As for video recording, both cameras offer three quality settings, and retain the same exposure meter, white balance settings, geo-tagging, and color effect options. The rear camera also has six recording sizes (from MMS messaging to 720p), continuous flash, digital zoom, and autofocus. The 0.3-megapixel camera has only five recording sizes (from MMS messaging to 640x480).
Recording quality could have been better. Because the camera could not focus smoothly, lighting constantly kept readjusting and was a bit everywhere. During the recording, you can see the lens trying to focus repeatedly, giving the footage a subtle "pulsating" movement. In addition, a small amount of static was picked up in the audio during recording and images looked blurry and pixelated.
I tested the phone in our San Francisco offices on AT&T's network and call quality was great. None of my calls dropped, I didn't hear any extraneous buzzing or noises, and audio didn't clip in and out. Volume range was adequate, especially maximum volume, which can be very loud. My friend sounded clear and close by; likewise, I was told I too sounded clear and precise. Conversations via speaker sounded good, but at times voices came off harsh. When volume was increased, I could hear a sharp tinniness follow my friend's voice from time to time.
NEC Terrain (AT&T) call quality sample
The Terrain runs on the carrier's 4G LTE network, and data speeds were generally fast. CNET's mobile site loaded in 7 seconds and our desktop site took 12 seconds. The New York Times' mobile and desktop sites took about 6 and 13 seconds, respectively. ESPN's mobile site took 5 seconds, and its full site loaded in a 9 seconds. Ookla's Speedtest app showed me an average of 7.23Mbps down and 1.05Mbps up. It took 59 seconds to download the 35.01MB game Temple Run 2.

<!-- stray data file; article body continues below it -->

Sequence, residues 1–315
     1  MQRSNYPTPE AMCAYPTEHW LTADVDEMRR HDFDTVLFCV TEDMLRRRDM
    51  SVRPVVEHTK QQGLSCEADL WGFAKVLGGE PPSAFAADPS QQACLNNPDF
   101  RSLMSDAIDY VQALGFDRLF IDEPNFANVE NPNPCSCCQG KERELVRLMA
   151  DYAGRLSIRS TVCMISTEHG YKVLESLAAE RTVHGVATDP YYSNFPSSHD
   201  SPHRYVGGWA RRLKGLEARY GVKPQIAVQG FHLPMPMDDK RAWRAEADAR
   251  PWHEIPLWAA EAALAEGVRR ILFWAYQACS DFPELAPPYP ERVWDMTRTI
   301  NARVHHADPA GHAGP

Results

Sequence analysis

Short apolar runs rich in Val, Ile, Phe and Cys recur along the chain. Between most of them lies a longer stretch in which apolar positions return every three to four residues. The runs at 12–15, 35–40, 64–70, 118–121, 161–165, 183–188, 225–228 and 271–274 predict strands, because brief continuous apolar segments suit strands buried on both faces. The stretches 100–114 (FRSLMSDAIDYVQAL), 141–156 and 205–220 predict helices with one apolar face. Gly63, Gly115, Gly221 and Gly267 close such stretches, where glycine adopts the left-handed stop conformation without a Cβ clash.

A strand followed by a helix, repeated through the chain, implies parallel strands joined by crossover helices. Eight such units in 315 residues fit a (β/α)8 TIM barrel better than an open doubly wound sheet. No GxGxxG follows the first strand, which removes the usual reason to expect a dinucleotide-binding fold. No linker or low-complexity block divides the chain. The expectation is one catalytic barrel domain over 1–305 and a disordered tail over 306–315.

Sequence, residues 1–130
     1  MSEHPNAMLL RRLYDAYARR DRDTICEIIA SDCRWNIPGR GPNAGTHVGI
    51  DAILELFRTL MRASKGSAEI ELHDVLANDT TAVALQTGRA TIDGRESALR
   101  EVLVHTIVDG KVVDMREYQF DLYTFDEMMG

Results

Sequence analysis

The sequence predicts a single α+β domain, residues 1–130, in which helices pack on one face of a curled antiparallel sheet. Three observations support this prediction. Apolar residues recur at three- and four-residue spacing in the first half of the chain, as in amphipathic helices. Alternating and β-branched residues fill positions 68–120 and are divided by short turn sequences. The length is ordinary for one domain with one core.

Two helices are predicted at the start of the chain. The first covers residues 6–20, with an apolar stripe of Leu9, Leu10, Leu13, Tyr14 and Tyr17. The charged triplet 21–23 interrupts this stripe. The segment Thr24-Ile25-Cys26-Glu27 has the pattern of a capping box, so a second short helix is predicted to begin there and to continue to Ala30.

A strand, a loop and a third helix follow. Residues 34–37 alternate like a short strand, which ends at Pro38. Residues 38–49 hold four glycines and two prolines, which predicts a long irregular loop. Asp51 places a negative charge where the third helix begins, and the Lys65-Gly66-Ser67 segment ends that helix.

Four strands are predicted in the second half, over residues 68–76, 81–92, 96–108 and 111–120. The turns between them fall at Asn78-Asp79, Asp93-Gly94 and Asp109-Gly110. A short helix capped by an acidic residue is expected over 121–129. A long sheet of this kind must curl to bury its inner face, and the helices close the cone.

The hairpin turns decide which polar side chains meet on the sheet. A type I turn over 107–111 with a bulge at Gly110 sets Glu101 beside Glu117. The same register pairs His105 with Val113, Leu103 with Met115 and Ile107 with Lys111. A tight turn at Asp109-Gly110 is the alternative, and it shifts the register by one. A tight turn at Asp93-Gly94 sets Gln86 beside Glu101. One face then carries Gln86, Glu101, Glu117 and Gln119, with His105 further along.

|NEC Terrain||Performance testing|
|Average 4G LTE download speed||7.23Mpbs|
|Average 4G LTE upload speed||1.05Mbps|
|App download (Temple Run 2)||35.01MB in 59 seconds|
|CNET mobile site load||7 seconds|
|CNET desktop site load||12 seconds|
|Restart time||38 seconds|
|Camera boot time||1.75 seconds|
The Terrain is powered by a dual-core 1.5GHz processor. In general, daily and necessary tasks operated smoothly. It had no problem opening up the lock screen, opening up the app browser, and returning to the home screen pages. While playing the graphics-intensive game Riptide GP, the handset didn't quit or stall. However, I've seen faster frame rates and smoother graphics on other midrange phones. When the camera was on, I saw little lag between the objects in front of me and the feedback that displayed on the viewfinder. On average, it took about 1.75 seconds to launch the camera and 38 seconds to reboot the Terrain.
During our battery drain test, the 1,900mAh battery clocked in 11.05 hours of continuous talk time. It has a reported talk time of up to 10 hours and a standby time of 14.5 days. Anecdotally, it had an average battery life that appeared to drain rather quickly. After a full day of minimal usage and no charge, the battery would hover below 50 percent, which I thought was quite low. According to FCC radiation standards, it has a digital SAR rating of 1W/kg.
If you're an AT&T customer and you're in the market for an ultratough, survival-of-the-fittest smartphone, the Terrain's sheer brawniness will satisfy those needs. Its rubber encasing, sturdy construction, and recessed screen assures you that it can withstand a wide range of physical abuse.
However, if you can get away with lighter protection, and you prefer something more modern-looking instead, then the Android 4.0, but it also features a better camera and a bigger (4-inch) screen than the Terrain's. True, it won't be as tough, and you'll have to make do without a useful physical keyboard, but it'll still be more resilient than your standard handset.is a better fit. It too is $99.99 and runs